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CD Review: Ryan Cohan “Originations”

Updated: Aug 7, 2020

By Hrayr Attarian

Ryan Cohan Originations

Ryan Cohan – Piano, composer, producer

John Wojciechowski – Clarinet, flute, alto flute, tenor saxophone

Geof Bradfield – Bass clarinet, soprano saxophone

Tito Carrillo – Trumpet, flugelhorn

James Cammack – Acoustic bass

Michael Raynor – Drums

Omar Musfi – Riqq, frame drum, dumbek

KAIA String Quartet:

Victoria Moreira – Violin

Naomi Culp – Violin

Amanda Grimm – Viola

Hope DeCelle – Cello

Pianist and composer Ryan Cohan is a master of creating harmony from contrasts. Over the years his works have incorporated many diverse influences and have become progressively more impressionistic. His acclaimed 2013 release The River even inspired painter Ellen Priest to create an abstract canvas that was displayed at St Peter’s Church in Manhattan. Cohan’s sixth release as a leader, the sublime Originations, matches his previous oeuvre in brilliance and innovation.

For this album, Cohan has delved into his own Middle Eastern roots and has produced a six-part suite that is simultaneously intimate and cinematic, captivating and provocative. Opening with cellist Hope DeCelle’s solemn arco strings, “The Hours Before Dawn” starts off on a definite Western classical note. Cohan’s cascading, textured chords, however, brim with Arabic motifs. KAIA String Quartet alternates with Cohan in playing the wistful melody, creating a dramatic East-meets-West tension. Cohan is not making pastiche music here; his own pianism is as steeped in spontaneity as any practitioner of jazz. Percussionist Omar Musfi and drummer Michael Raynor lay down a Levantine groove over which the band adds a multicolored fairy tale that is truly Oriental—yet eschews Orientalism.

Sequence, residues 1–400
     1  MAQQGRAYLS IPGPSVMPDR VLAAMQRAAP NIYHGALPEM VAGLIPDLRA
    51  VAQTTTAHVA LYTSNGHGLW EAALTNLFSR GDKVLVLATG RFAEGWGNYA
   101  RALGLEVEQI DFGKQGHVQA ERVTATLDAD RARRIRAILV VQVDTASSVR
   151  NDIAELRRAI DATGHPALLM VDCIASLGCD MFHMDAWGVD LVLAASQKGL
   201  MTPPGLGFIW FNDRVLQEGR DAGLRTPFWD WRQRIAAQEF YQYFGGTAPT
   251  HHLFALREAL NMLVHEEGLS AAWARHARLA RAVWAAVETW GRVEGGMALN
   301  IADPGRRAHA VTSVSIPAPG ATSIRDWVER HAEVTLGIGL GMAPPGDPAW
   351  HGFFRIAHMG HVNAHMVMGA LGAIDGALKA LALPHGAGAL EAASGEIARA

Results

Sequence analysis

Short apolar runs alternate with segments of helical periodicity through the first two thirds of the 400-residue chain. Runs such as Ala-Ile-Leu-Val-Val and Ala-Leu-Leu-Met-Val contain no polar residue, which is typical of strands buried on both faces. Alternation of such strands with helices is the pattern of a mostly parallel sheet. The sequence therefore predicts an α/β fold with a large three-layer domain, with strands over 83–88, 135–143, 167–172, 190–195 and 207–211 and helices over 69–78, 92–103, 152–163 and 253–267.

The poignant “Imaginary Lines” starts off with multi-reedist John Wojciechowski’s flittering flute that soars and dives over Cohan’s dense phrases and the rhythm section’s percolating vamps. Trumpeter Tito Carrillo and clarinetist/saxophonist Geof Bradfield echo briefly the tune’s main motif before Cohan launches into a stimulating improvisation, buoyed by bassist James Cammack and Raynor. The dual violins of Victoria Moreira and Naomi Culp engage in a fiery dance within the symphonic ensemble sound. Carillo’s breathtakingly agile solo ushers in the conclusion.

Bradfield’s forlorn bass clarinet marks the tender and nostalgic “A Seeker's Soul.” The spiritual piece features the haunting, sparse strings of violist Amanda Grimm along with Moreira, Culp, and DeCelle, as well as Cohan’s reverberating and ethereal pianism. The main mystical theme repeats in hypnotic patterns before it melts into a mesmerizing silence.

Ingenious and elegant, Cohan’s artistry continues to mature with each recording. Over the past decade Cohan has gone beyond the narrow definitions of genrism—creating truly universal music that reflects cross-cultural, polyphonic peace and joy. Originations is singularly unique in its depth and breadth and is a charismatic and absorbing disc.

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